Station Spotlight: Parc

For this Station Spotlight, we go to Parc Metro station. This station stands out on the blue line as a hub for commuters due to its connection to the Parc railway station (Gare Jean-Talon) which serves Exo trains to the Greater Montréal Area. It is also one of two stations near Parc Jarry, one of Montréal’s bigger parks. Parc Jarry’s many sports fields, open spaces, and public pool attract Montrealers of all ages and abilities. The station’s proximity to the Stade IGA, which once was the stomping ground of the Montréal Expos but is today used for tennis tournaments such as the Rogers Cup, is particularly appealing for sports enthusiasts. It is also an essential connection to the Park-Extension and Mile-Ex neighborhoods, both for residents and visitors. 

Parc has a single entrance at the ground level which has bi-directional escalators moving passengers to and from the terminal level, as well as a 70-step staircase. From there, the passenger is faced with a troubling obstacle. Parc provides an example of one of the most commonly found issues in Montreal’s three-leveled metro station that was identified by 4 Days 4 Lines’s audit of the Montreal metro. These “Limbo Stations,” as we call them, have escalators from one level to another, but only stairs between the other two. At Parc metro station, this problem manifests itself in the lack of escalators going down from the terminal level to the platform level, despite the presence of escalators from the ground level to the terminal. This leaves passengers with reduced mobility in a “Limbo” state at the terminal level where they are forced to take the 23 steps up from or down to the trains if they need to utilize this station.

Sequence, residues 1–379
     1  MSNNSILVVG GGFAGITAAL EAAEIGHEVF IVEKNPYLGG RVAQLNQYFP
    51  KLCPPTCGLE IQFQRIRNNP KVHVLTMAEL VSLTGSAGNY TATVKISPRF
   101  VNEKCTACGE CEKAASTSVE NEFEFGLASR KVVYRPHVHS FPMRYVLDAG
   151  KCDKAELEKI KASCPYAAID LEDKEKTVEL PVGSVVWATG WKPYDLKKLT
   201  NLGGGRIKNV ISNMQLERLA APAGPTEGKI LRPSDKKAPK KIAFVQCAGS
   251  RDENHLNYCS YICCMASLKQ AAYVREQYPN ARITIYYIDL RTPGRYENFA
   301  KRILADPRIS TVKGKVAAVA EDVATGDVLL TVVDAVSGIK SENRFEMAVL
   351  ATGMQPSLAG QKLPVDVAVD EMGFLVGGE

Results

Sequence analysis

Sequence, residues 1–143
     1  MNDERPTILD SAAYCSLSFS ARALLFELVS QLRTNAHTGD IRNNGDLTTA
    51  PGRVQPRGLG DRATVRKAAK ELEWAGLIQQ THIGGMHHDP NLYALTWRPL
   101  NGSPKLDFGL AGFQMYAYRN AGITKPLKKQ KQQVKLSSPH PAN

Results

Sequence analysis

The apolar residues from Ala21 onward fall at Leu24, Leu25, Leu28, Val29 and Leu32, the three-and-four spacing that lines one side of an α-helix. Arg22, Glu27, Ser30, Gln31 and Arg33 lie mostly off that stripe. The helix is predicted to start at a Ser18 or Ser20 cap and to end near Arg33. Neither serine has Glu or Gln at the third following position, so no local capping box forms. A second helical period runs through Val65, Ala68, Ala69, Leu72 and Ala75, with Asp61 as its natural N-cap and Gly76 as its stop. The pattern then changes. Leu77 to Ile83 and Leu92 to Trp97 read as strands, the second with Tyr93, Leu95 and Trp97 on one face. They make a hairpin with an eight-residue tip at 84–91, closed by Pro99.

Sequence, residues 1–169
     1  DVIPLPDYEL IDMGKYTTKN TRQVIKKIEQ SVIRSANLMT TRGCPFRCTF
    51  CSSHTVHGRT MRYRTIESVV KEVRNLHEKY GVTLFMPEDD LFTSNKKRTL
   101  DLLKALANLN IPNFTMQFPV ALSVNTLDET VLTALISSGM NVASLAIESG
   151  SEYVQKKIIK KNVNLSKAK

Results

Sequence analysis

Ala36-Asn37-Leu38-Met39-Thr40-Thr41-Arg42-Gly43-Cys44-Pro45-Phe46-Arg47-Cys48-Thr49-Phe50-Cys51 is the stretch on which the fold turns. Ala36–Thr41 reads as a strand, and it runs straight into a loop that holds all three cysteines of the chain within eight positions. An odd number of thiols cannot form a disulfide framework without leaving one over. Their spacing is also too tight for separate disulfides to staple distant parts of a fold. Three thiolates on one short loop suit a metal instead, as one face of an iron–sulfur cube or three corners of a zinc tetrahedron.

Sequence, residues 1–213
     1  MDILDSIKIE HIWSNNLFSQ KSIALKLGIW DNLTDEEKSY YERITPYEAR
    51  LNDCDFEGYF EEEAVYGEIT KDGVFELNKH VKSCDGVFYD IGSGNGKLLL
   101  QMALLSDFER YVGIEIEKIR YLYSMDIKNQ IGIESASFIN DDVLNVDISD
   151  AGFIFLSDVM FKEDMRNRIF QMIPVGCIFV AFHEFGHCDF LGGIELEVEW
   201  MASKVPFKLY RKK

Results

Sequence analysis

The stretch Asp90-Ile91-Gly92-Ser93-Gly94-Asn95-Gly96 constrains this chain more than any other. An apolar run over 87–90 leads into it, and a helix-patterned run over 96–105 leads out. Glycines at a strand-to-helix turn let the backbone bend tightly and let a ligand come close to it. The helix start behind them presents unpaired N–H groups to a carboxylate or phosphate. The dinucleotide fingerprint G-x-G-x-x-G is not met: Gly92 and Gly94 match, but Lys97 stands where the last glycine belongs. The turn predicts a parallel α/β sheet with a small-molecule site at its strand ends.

Use this poster as a guide to navigate Parc metro station.

Who do you think could be affected by a station design like this one? At 4 Days 4 Lines, in the face of accessibility obstacles like these, we challenge ourselves and those around us to think about how our environment amplifies the disabilities of certain groups. The posters we make serve the important purpose of bringing awareness to which levels of which stations are accessible and which aren’t. If a station like Parc cannot be accessible for passengers with reduced mobility, then the metro system should at least let passengers entering the station know that they will have to take steps down to the platform before they take the escalators down to the top of the steps.

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